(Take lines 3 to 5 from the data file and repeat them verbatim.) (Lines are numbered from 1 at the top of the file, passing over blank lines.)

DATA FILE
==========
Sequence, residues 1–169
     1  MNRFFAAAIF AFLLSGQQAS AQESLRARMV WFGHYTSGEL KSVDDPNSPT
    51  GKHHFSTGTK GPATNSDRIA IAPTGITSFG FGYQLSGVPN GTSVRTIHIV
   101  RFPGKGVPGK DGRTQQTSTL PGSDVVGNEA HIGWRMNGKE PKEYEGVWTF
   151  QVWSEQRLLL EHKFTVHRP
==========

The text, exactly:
    51  GKHHFSTGTK GPATNSDRIA IAPTGITSFG FGYQLSGVPN GTSVRTIHIV
   101  RFPGKGVPGK DGRTQQTSTL PGSDVVGNEA HIGWRMNGKE PKEYEGVWTF
   151  QVWSEQRLLL EHKFTVHRP